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Energy & Environment

Texas Says No Worries As Feds Warn States About Dangers Of Bankrupt Coal Mines

Texas is pushing back against proposals to make big coal companies insure that they’ll have the money to repair land damaged by strip mining.


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Strip mining at Big Brown Coal Mine in Freestone County, Texas
Dave Fehling
Strip mining at Big Brown Coal Mine in Freestone County, Texas

Not a hundred miles north of Houston begins a stretch of lignite coal, lying underground. For years, huge power shovels stripped off the soil to get to it. The coal was then burned in nearby power plants.

There are 19 coal mine locations in east Texas. About half are owned by Luminant Mining based in Dallas. Luminant was on the hook to repair the damaged land, to restore it, at a cost of some $1 billion. But there was a problem: Luminant's parent company, Energy Future Holdings, went bankrupt.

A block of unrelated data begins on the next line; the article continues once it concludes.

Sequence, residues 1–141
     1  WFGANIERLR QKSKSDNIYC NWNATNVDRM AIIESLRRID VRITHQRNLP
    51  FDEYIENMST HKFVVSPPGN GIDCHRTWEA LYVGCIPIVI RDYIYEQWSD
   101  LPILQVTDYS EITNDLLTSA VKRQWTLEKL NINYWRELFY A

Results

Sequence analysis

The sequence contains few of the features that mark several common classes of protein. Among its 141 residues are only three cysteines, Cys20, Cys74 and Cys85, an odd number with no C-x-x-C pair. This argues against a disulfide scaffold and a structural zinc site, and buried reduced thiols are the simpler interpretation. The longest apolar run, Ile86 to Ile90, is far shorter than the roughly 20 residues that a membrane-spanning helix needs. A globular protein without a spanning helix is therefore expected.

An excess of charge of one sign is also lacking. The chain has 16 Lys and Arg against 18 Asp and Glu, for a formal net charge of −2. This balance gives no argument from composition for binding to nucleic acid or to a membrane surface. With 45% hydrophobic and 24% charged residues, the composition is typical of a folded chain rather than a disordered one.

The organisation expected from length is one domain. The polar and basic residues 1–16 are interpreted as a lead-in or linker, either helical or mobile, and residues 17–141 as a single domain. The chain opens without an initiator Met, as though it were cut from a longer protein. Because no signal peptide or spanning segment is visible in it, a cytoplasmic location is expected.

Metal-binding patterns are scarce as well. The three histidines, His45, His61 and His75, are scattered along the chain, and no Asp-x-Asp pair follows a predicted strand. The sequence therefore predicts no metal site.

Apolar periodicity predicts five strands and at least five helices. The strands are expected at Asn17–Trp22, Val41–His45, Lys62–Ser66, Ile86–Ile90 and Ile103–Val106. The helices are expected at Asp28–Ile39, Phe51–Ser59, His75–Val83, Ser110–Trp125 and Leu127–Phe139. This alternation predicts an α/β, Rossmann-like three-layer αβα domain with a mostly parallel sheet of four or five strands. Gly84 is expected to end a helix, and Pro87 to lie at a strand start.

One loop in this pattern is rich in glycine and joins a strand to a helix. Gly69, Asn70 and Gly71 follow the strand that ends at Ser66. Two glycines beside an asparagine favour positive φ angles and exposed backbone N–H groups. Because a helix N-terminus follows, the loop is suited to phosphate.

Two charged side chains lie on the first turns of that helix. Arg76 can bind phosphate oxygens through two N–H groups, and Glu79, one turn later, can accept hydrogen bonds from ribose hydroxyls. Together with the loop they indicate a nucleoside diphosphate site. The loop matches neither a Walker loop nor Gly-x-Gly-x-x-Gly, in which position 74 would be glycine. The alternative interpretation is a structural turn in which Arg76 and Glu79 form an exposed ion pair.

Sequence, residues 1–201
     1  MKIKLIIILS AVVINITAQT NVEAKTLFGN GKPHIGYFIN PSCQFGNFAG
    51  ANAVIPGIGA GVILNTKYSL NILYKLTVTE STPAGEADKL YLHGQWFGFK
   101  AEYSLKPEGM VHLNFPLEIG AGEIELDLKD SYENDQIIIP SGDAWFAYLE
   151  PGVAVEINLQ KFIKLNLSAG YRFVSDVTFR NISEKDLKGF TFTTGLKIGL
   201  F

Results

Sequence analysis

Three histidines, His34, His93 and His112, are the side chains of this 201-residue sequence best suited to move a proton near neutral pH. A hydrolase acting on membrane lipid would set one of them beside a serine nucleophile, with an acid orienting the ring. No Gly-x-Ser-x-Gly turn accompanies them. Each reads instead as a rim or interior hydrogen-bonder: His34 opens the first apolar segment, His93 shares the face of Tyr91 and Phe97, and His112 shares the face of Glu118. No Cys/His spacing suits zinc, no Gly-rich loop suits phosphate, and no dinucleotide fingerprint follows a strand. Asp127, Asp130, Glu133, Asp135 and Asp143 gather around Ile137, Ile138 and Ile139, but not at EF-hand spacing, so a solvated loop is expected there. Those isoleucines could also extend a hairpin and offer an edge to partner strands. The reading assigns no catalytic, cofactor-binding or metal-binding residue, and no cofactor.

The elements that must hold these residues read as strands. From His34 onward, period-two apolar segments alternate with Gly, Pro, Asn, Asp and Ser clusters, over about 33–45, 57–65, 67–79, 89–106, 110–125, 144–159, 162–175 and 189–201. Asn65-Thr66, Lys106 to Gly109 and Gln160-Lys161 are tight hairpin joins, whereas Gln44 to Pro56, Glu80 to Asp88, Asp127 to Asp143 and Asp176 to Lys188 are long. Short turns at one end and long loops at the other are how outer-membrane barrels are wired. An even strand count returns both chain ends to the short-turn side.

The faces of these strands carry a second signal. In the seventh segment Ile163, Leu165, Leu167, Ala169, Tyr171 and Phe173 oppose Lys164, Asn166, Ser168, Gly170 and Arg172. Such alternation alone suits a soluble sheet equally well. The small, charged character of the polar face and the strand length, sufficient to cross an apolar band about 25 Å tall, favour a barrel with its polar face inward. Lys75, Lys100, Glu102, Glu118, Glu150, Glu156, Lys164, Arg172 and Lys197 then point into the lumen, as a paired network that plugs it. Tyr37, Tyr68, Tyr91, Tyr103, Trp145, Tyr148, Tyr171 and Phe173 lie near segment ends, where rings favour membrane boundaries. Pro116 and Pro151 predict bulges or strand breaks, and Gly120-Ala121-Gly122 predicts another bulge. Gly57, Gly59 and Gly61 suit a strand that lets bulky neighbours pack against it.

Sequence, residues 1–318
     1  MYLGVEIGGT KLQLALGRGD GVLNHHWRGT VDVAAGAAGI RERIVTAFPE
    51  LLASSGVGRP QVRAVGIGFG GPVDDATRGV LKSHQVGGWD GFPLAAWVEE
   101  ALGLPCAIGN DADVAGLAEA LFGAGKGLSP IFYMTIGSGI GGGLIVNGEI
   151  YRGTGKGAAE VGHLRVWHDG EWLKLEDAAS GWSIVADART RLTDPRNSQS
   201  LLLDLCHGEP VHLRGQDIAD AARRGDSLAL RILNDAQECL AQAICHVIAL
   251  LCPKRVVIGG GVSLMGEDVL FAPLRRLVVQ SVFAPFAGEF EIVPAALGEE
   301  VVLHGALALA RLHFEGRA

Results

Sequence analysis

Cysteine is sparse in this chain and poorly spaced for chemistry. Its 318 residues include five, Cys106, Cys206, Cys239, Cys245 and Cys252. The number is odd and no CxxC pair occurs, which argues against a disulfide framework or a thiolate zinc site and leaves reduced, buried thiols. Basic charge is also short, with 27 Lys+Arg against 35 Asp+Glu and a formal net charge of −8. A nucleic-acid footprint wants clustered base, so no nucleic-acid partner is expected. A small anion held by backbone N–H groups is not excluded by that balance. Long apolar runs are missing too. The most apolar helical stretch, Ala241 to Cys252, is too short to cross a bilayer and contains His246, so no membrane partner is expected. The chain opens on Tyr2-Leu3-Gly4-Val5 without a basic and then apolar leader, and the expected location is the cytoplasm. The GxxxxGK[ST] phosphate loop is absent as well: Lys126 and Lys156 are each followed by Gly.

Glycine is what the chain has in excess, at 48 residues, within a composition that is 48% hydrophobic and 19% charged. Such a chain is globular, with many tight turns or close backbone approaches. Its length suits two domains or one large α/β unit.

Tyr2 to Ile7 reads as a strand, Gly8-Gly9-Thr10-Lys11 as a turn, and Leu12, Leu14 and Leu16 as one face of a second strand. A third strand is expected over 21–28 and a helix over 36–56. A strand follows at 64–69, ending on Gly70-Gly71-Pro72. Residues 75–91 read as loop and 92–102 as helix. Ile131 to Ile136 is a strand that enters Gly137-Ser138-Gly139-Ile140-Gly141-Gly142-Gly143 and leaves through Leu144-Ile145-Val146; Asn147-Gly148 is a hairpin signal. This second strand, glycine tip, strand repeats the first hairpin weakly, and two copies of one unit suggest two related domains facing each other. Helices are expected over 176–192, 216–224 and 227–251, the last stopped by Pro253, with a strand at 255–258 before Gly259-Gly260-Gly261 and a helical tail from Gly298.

"The states know if the companies liquidate, go out of business, the states are going to take on that huge financial burden," says Peter Morgan, a lawyer in Denver with the Sierra Club.

Morgan says in some states, that's exactly what's happening: coal mines going bankrupt leaving un-answered who will pay to restore damaged land.

We highlighted this issue in Texas back in 2013. State regulators and environmentalists feared Luminant wouldn't have the money. It was what's called self-bonded. In other words, it was not required to buy insurance to cover the billion dollar liability.

Luminant's billboards on reclaimed land at the Big Brown Mine
Dave Fehling
Luminant’s billboards on reclaimed land at the Big Brown Mine

But then, just as the parent company declared bankruptcy, it agreed to buy the insurance. So bankruptcy or not, the money to repair the land should be there.

However, federal mining regulators have their doubts about self-bonding and are now considering whether to outlaw it.

The State of Texas disagrees. In a letter last month to the Office of Surface Mining Reclamation and Enforcement, Texas said it's confident that self-bonding provides quote "adequate protection." The letter from Railroad Commission of Texas said it appeared the proposal was being pushed by environmentalists as quote, "part of their broader...efforts to end coal mining in the United States."